First Vote Kills Insure Tennessee Medicaid Expansion | Nashville Public Radio

First Vote Kills Insure Tennessee Medicaid Expansion

Feb 4, 2015

Updated Wednesday at 9:00 p.m.

It appears the first vote on Gov. Bill Haslam’s Medicaid expansion proposal may also be the last. On Wednesday afternoon, the Senate Health Committee went solidly against the plan, dubbed Insure Tennessee.

Sen. Doug Overbey (R-Maryville) made a final, personal plea to members, telling them that they should at least vote to let the full Senate get a chance to weigh in.

“I did put my heart into it because I felt that strongly that it’s the right thing to do," Overbey said following the 7-4 vote. "I wish I had been able to convince a majority of the committee.”

The Insure Tennessee plan would have covered 280,000 people who are currently uninsured. But several lawmakers have argued that there are too few details in writing with the federal government.

Haslam Responds

"There's this picture a lot of folks have, unfortunately, that these are all people who are somehow looking to get a deal off the government. Well, maybe there are some like that. But there are a whole lot of people that really need healthcare..."

Haslam said he's "disappointed" that the legislature rejected his proposal, noting that part of the reason it took so long to negotiate a deal with the Obama administration was because he knew he'd have to sell it to lawmakers.

The plan had two parts. One would help low-income workers pay for their employer-sponsored insurance. The other would expand Medicaid but add new incentives to stay healthy. Topping it off, hospitals were going to cover the state’s share of the cost.

“I said from the very beginning that it would be difficult to get something that we could get agreed to in Washington that we could get passed here," he told reporters a half hour after the special session adjourned. "I think you saw today a measure of just how difficult that is.”

Asked if he would try to push his plan during the regular session of the legislature, Haslam said that seemed "a little pointless." He also said it was unlikely that the federal government would agree to some of the changes legislators requested, but he said he was willing to try.

“There’s this picture a lot of folks have, unfortunately, that these are all people who are somehow looking to get a deal off the government," Haslam said. "Well, maybe there are some like that. But there are a whole lot of people that really need healthcare, and not getting it in a preventative way hurts them, and it hurts the rest of us too.”

Rural Support Falls Through

Haslam had been hoping rural Republicans might be persuaded to get behind the proposal, especially since some of their hospitals have been hardest hit by the lack of Medicaid expansion.

Sen. Janice Bowling (R-Tullahoma) was thought to be a swing vote. She gave Insure Tennessee a lot of thought over the past two weeks. But, ultimately, she decided too many questions had been left unanswered about how the program would work.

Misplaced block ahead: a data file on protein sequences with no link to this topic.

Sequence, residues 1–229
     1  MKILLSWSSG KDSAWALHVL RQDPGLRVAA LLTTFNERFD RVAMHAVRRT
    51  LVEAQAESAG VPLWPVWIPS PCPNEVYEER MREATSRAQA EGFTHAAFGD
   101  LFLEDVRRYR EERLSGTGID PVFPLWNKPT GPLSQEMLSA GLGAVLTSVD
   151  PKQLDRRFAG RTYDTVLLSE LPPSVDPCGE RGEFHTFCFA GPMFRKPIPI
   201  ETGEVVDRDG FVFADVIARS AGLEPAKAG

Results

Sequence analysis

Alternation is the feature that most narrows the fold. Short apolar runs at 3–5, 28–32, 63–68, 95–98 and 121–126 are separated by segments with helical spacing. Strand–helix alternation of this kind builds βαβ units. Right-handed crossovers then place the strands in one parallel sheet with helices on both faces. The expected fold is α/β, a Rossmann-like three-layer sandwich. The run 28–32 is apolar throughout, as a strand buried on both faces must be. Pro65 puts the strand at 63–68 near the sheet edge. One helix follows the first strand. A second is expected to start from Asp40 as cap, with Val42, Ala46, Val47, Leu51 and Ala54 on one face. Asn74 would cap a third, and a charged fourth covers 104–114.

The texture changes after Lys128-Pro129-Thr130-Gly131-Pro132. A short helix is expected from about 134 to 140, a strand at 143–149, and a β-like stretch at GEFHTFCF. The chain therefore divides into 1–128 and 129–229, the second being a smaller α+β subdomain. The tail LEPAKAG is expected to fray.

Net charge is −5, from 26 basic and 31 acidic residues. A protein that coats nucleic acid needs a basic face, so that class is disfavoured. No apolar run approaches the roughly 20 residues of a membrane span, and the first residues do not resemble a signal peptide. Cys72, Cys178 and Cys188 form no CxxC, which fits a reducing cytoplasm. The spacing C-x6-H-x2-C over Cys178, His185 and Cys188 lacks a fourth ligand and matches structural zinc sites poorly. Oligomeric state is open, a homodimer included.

“Back in the district, they call it 'a pig in a poke,'” she told WPLN.

Rural hospitals and health providers pleaded with lawmakers to pass Insure Tennessee. Many say they’re struggling with the cost of treating the uninsured and that Haslam’s plan would help them close that financial gap.

Sen. Mike Bell, who represents the small, East Tennessee town of Riceville, said the medical community’s position was clear.

“But regular citizens who were not employed in the health care industry? From the emails I got, probably five to one against it,” Bell said.

'Disappointed'

It was the word of the day for Democrats and doctors, hospitals and health advocates. They blamed the seven members of the Senate Health Committee who voted 'no' for preventing the rest of the legislature from weighing in.

“The Senate let 7 people decide for 6.5 million people that 300,000 people wouldn’t receive health care," said House Minority Leader Craig Fitzhugh. "That’s not the way it’s supposed to work.”

Health-related interest groups issued statements left and right. Physicians called it a “missed opportunity.” Hospitals, who had agreed to pay for the state’s portion of expanding Medicaid, said they hoped the legislature would consider other ways to provide health coverage for the hundreds of thousands who are currently uninsured.

The Tennessee Justice Center, which helps people wade through the bureaucracy of subsidized coverage, said the rejection is a “tragic loss” for families, many of whom probably don’t even know they qualified.

The Beacon Center and Americans for Prosperity took credit for defeating Medicaid expansion in Tennessee. But the conservative groups also said they were willing to work toward what they call a “free market solution that will truly benefit low-income Tennesseans.”

Does Insure Tennessee Have A Future?

While Haslam is leaving the door cracked open to resurrect Insure Tennessee - or something like it - later this spring, he may have to find new allies willing to stick their necks out on the issue.

Majority Leader Gerald McCormick championed Haslam’s Insure Tennessee plan in the legislature. He made it clear he wouldn’t do it a second time.

“Someone else can introduce it," he said. "I don’t plan on introducing it again. I’ve had my fill this week.”

Polls show most Tennesseans didn’t know much about Insure Tennessee – if anything.

McCormick doubts there will be much political fallout from its quick defeat.

“Most people are worried about taking their kids to ball practice and working their jobs, and I don’t think they pay as much attention to us as we think they do," McCormick said. "They might notice it. I think it’s a one day story.”

Lawmakers return to Nashville next week to take up the state’s other business. Common Core and abortion are expected to be among the hot topics. With a busy spring ahead for lawmakers, Insure Tennessee may fade quickly into the past.